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Growth is projected to strengthen as higher foreign demand and improved competitiveness boost exports. Domestic demand will be held back by slow income growth, but brightening employment prospects and consumer confidence, together with low interest rates, will support consumption and residential investment. Inflation will pick up gradually, as spare capacity shrinks.
The Competitiveness Pact signed by the social partners in mid-2016 is improving cost-competitiveness, which had deteriorated in recent years. The pact is restraining household income growth, but this is partly offset by tax cuts. The government has reformed unemployment insurance to enhance work incentives, but employment needs to be boosted to foster inclusive growth.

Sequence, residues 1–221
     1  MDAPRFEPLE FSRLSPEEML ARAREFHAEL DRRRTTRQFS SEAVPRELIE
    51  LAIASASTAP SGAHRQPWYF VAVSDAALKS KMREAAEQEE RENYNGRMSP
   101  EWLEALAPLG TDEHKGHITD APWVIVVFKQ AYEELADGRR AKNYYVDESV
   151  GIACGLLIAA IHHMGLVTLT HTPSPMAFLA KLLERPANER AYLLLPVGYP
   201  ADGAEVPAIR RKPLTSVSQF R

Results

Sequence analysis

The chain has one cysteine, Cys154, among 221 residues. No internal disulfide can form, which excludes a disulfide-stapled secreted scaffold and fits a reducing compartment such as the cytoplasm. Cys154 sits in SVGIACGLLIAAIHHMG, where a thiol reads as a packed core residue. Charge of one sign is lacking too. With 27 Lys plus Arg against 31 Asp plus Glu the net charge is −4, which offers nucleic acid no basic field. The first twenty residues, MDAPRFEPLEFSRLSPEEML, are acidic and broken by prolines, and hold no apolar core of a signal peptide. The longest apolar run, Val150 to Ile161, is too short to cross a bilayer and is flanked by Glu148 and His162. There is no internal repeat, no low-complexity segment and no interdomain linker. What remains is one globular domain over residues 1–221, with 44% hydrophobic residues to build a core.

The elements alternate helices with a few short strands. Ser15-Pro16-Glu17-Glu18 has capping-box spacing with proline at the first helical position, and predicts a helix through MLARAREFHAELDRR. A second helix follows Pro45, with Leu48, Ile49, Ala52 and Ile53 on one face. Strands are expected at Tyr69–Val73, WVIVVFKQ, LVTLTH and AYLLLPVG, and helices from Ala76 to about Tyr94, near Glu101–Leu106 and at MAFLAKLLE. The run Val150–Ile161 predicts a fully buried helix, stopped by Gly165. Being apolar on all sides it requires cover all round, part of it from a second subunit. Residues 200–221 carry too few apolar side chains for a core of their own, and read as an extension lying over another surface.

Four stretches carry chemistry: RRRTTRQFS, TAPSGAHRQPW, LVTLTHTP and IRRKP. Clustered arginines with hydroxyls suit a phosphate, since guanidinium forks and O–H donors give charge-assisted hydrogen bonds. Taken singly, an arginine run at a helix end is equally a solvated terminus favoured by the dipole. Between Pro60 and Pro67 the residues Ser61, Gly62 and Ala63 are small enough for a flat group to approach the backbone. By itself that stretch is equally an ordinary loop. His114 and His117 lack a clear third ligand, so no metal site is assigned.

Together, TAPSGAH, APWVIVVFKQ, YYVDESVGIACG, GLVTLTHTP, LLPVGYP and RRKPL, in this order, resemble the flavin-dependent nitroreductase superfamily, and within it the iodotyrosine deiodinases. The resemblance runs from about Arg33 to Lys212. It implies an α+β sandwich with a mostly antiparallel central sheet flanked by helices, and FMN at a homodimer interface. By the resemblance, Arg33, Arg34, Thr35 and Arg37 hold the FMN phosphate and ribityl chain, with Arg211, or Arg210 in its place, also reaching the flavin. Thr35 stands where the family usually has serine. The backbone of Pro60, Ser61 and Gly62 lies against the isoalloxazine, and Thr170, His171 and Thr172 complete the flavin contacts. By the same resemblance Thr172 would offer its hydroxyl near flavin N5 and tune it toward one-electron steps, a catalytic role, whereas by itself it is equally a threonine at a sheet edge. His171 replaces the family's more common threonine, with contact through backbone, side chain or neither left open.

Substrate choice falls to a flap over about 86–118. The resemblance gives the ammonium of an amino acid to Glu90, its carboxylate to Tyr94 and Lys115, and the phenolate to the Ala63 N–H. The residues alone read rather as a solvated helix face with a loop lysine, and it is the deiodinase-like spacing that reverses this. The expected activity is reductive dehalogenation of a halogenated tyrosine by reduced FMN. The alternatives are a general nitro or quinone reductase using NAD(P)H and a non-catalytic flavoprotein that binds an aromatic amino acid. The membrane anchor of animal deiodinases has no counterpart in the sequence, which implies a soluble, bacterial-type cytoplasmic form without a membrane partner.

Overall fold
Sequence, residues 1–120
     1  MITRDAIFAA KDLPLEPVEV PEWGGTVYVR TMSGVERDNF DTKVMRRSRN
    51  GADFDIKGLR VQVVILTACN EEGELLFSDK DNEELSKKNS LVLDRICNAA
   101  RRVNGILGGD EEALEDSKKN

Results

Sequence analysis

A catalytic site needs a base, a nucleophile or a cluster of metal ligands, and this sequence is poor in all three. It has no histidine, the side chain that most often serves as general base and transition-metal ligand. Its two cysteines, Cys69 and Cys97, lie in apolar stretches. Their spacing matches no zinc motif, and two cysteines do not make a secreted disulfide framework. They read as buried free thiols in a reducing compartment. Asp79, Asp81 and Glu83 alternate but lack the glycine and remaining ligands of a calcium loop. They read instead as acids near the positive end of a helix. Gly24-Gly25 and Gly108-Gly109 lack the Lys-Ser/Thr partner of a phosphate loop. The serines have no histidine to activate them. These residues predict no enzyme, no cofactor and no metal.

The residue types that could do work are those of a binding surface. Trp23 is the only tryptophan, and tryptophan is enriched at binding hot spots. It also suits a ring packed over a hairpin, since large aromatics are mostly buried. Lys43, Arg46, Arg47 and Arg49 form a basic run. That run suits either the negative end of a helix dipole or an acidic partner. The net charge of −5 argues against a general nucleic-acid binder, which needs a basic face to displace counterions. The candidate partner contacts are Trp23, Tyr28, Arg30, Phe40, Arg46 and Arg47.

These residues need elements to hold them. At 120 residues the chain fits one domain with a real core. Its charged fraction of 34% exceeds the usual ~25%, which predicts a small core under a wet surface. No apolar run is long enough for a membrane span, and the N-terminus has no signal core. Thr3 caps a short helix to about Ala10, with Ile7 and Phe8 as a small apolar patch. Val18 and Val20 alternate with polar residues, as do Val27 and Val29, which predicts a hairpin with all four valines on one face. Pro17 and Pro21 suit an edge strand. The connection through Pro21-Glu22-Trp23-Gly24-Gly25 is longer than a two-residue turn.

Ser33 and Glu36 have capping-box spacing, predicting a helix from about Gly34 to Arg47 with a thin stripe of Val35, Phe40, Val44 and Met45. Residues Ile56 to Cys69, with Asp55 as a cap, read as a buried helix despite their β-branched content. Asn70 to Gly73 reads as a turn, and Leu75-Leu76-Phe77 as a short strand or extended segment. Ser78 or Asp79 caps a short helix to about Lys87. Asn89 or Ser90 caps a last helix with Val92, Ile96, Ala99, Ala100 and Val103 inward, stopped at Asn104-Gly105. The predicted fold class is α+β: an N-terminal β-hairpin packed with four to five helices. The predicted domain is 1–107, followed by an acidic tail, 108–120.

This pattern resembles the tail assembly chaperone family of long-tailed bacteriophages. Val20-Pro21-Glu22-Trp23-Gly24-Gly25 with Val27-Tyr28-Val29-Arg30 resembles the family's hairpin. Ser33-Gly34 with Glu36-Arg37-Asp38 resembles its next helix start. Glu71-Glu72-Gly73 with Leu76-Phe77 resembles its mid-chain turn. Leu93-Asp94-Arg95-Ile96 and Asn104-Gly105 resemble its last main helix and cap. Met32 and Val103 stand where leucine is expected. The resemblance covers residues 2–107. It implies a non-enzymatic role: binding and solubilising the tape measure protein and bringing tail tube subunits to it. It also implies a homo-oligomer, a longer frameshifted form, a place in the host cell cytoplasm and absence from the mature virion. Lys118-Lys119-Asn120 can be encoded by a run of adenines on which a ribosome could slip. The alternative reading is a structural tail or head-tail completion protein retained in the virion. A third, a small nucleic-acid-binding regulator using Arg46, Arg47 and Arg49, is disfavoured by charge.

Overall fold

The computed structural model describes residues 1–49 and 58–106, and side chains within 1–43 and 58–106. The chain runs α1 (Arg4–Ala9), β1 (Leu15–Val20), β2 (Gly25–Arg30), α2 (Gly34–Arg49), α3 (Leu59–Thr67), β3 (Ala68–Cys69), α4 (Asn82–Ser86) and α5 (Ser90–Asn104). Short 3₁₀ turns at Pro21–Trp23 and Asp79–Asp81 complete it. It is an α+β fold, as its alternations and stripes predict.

Globalisation has propelled productivity gains and improvements in living standards for decades. The extensive social safety net and high investment in skills have helped workers to adapt to changes induced by global developments. Continued cost-competitiveness, sustained investment in education and R&D are the keys to reaping the benefits of globalisation.